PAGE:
MK: Netanyahu Sure Does Owe Jewish Home

Did Binyamin Netanyahu deserve the votes of Jewish Home supporters? Not necessarily, says MK Nissan Slomiansky.

Moshe Cohen ,

Nissan Slomiansky
Nissan Slomiansky
Miriam Alster/Flash 90

Prospective members of Binyamin Netanyahu's new coalition continued jockeying for position Wednesday, with Jewish Home MK Nissan Slomiansky telling Arutz Sheva that the Prime Minister owes Religious Zionist voters, and particularly Jewish Home voters, a great deal.

“Our people are very idealistic and they responded to the plaintive cry from Netanyahu that they must vote for him in order to prevent the rise of a leftist government. They left their home political party and roamed to the Likud, to ensure that he would be chosen to form the next government.”

Did Netanyahu deserve their votes? Not necessarily, said Slomiansky. “This was a Prime Minister who advocates for the 'two-state solution,' who imposed a lengthy building freeze in Judea and Samaria, who does things a left-wing prime minister would never dare to do. They ran after him like sheep, and now he feels he can do whatever he wants with them.”

One of those “things,” Slomiansky and other Jewish Home officials fear, is that Netanyahu will work out deals with other parties that might be tempted to join a government led by Zionist Union/Labor head Yitzchak Herzog – basically, all other potential coalition partners for the Likud – and leave the negotiations with Jewish Home for the end, with the party getting the “leftovers” in coalition discussions. “If it were me, I would reward the people who are loyal to me, but apparently Netanyahu operates differently,” he said. “He has already made promises to the haredi parties, but he leaves us to the end, because he thinks we have no choice.”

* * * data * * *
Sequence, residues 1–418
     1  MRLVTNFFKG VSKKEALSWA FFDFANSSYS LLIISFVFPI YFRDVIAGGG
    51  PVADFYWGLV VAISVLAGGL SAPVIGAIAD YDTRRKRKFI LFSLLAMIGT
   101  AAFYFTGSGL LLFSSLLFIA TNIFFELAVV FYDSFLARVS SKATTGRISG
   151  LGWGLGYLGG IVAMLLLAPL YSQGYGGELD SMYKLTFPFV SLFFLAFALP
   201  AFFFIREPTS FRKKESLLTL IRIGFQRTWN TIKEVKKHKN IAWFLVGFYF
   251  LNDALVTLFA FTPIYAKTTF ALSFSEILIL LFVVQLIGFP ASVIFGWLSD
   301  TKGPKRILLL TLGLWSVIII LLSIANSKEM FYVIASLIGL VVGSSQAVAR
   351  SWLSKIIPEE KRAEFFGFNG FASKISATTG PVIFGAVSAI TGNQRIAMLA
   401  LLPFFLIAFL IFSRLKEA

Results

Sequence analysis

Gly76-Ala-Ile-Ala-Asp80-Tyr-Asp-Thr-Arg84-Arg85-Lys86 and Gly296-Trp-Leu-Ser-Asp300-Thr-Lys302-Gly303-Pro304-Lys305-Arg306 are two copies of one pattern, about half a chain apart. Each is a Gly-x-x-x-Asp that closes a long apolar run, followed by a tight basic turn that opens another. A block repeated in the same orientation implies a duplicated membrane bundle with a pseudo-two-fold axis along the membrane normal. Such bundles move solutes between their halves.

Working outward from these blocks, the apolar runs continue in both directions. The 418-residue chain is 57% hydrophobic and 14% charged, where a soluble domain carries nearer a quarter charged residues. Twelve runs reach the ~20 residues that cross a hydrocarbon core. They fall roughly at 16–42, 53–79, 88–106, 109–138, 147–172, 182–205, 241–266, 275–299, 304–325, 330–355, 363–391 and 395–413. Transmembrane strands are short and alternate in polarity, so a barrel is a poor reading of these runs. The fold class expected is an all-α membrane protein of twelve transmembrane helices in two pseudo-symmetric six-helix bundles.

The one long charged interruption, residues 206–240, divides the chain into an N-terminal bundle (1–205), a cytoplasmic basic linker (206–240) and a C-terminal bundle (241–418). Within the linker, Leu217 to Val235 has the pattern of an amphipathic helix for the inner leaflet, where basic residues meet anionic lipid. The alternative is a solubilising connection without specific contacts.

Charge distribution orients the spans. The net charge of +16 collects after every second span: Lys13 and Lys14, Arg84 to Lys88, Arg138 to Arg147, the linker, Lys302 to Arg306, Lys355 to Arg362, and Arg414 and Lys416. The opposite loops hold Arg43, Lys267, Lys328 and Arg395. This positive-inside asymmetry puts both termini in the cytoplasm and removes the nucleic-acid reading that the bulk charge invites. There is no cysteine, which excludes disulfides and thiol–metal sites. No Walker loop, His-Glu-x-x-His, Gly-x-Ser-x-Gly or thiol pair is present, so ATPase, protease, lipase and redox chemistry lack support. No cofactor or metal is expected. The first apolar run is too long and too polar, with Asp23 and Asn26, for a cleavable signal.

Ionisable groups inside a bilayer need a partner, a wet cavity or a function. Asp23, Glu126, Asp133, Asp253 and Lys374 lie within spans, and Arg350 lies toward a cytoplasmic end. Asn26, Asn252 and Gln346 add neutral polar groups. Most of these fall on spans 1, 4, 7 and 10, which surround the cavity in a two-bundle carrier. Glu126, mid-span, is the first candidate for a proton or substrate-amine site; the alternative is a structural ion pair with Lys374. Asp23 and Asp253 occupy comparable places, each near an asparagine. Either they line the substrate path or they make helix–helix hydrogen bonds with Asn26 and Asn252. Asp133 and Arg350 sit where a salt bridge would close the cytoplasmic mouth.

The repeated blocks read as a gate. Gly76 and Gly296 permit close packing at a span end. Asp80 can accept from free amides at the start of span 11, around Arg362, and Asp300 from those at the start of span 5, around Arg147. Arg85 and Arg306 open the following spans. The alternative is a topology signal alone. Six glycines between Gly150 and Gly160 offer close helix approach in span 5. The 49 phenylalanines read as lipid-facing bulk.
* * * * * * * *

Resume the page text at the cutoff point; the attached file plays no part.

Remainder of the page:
While Jewish Home would not join a Herzog-led coalition, there is no rule that says it has to join a Netanyahu government either, said Slomiansky. “If Netanyahu doesn't want us, we can remain in the opposition, so Netanyahu will not be able to form a coalition at all. We will not negotiate from a position of weakness, as if we have no choice. We do have a choice, and if they want to play hardball, we can too.”

Slomiansky is chairman of the Knesset Finance Committee, a position that MK Moshe Gafni (UTJ) has his eye on. Loss of this position, he said, would be “very problematic for communities in Judea and Samaria and to the institutions of Religious Zionism. We need to struggle to retain this position, only thus will we be able to ensure the financial health of schools, yeshivas, and community groups,” he added.

Earlier, MK Yariv Levin said in an interview with Army Radio said that Jewish Home leader Naftali Bennett would be a “senior minister” in the new government, but that the Likud did not “owe” Jewish Home anything.

Responding to comments by MK Ayelet Shaked, who said that Jewish Home had helped Likud win the elections, at great sacrifice to itself, to the extent that it “donated its limbs” to ensure that Netanyahu and not Zionist Union/Labor head Yitzchak Herzog would form the government, Levin said “these are strange claims. Each party does its best to persuade voters to choose it, and we were able to convince voters to the extent that we received 30 seats.”




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